Weapon Bans and Regulations
in The Impact of Emerging Technologies on the Law of Armed Conflict (Eric Talbot Jensen & Ronald T.P. Alcala, eds.) (forthcoming 2019)
When confronted with a new weapons technology, international law scholars, military lawyers, and civil society activists regularly ask two questions: Are new regulations needed? And are they needed now? This paper reviews the main categories of technology-fostered legal disruption; tackles the question of whether a given technology will require new law; and weighs the respective benefits of precautionary bans, a wait-and-see approach, and proactive regulation.
An Opportunity to Change the Conversation on Autonomous Weapon Systems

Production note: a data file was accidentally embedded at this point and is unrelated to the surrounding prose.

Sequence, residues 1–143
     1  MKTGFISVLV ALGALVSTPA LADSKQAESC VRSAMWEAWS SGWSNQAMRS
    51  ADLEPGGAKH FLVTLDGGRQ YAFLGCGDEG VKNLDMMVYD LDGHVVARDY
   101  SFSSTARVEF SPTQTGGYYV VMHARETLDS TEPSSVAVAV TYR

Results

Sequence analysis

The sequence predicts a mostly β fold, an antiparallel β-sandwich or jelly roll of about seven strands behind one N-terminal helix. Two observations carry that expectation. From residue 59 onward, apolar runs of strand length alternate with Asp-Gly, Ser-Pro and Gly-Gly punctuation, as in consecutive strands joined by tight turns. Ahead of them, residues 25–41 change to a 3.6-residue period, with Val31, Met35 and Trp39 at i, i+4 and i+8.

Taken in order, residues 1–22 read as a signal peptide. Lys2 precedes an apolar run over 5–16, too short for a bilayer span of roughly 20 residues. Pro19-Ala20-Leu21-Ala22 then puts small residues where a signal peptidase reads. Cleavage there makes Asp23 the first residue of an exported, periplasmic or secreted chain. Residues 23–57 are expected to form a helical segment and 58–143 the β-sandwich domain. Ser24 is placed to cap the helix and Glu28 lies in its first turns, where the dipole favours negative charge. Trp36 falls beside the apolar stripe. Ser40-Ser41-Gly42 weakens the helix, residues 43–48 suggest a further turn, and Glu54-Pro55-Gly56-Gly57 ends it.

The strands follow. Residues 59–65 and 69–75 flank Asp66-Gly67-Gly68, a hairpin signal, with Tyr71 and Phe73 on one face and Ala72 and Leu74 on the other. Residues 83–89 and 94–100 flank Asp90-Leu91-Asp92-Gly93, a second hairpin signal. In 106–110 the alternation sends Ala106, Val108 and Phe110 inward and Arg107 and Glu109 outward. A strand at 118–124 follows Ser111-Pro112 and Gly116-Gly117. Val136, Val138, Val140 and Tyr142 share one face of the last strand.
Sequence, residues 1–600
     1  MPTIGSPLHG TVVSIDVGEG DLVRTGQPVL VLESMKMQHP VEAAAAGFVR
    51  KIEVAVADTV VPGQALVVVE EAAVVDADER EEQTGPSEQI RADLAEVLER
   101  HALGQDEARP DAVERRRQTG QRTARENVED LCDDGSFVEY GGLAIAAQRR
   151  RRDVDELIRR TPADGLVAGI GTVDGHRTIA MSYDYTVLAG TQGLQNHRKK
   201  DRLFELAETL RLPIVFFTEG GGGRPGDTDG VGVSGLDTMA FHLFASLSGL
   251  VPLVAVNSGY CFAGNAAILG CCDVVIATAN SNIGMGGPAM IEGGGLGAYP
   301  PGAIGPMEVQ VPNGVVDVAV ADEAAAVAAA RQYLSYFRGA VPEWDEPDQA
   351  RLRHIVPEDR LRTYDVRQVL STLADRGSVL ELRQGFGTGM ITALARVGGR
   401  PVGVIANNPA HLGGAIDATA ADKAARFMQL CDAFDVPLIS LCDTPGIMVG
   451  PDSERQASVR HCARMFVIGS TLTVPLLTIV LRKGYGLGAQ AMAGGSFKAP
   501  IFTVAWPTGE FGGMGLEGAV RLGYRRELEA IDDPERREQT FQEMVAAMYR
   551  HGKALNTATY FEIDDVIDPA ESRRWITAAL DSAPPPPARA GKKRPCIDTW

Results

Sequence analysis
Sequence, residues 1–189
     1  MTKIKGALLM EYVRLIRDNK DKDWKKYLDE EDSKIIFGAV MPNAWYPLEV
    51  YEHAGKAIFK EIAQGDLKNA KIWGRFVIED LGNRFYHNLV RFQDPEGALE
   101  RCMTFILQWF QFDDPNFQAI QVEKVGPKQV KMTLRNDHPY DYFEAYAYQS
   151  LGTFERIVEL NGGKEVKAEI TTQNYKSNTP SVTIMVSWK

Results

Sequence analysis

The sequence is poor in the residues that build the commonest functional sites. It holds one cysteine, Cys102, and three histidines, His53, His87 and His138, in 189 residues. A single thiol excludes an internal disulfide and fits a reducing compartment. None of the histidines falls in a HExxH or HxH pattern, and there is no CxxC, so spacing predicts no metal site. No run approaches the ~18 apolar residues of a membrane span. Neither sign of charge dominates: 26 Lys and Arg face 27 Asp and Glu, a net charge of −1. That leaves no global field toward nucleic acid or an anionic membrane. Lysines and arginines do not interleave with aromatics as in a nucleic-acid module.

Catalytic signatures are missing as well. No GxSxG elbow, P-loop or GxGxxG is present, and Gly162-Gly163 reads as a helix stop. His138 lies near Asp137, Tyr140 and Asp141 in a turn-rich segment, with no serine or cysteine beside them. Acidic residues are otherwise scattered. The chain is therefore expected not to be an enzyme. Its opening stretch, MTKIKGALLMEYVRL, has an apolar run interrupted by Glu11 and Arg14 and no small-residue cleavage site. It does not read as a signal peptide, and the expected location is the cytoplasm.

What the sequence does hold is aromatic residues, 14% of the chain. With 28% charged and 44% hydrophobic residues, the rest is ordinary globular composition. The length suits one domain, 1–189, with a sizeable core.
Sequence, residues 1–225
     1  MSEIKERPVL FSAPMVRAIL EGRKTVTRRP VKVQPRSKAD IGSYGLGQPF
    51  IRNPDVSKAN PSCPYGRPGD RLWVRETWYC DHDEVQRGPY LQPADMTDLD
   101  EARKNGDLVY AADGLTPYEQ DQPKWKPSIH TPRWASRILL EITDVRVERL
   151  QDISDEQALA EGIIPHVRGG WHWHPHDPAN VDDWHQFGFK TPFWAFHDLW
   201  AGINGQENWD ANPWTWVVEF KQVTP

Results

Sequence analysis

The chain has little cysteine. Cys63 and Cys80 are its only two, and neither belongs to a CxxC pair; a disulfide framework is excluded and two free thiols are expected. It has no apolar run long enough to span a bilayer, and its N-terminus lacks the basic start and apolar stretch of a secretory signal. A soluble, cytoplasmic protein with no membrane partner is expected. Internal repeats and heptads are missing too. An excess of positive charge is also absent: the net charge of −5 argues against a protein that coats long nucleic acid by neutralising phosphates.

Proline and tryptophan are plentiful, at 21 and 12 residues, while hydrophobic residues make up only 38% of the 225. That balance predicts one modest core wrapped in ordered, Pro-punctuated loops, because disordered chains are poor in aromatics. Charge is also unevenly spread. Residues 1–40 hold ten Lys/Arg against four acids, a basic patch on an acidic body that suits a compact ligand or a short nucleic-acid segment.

Lawfare (June 15, 2017) (with Frauke Renz)
36 Cardozo L. Rev. 1837 (2015)
Notwithstanding increasing state interest in the issue, no one has yet put forward a coherent legal definition of autonomy in weapon systems, resulting in a confusing conflation of legal, ethical, policy, and political arguments. This article proposes that an “autonomous weapon system” be defined as “a weapon system that, based on conclusions derived from gathered information and preprogrammed constraints, is capable of independently selecting and engaging targets.” Contrary to the general consensus, such systems are not weapons of the future: they exist and are in use today.
This fact has two main implications: it undermines almost all legal arguments for a ban, as they are based on the false assumption that such weaponry could never be lawfully employed; and it significantly reduces the likelihood that a successful ban will be negotiated, as states will be reluctant to voluntarily relinquish otherwise lawful and uniquely effective weaponry. Accordingly, this article concludes with a discussion of how best to create successful international regulations.